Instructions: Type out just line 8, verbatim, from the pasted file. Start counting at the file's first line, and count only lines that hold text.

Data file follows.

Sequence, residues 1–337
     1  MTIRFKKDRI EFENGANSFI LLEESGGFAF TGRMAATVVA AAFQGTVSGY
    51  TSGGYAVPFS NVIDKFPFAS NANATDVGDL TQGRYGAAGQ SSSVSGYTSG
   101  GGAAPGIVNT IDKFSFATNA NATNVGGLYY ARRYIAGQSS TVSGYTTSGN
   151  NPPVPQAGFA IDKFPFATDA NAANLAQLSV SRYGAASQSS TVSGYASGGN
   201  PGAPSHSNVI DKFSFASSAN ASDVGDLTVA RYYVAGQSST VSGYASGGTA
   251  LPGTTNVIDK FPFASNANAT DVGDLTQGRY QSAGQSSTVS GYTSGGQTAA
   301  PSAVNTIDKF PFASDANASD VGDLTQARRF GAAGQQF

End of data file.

   301  PSAVNTIDKF PFASDANASD VGDLTQARRF GAAGQQF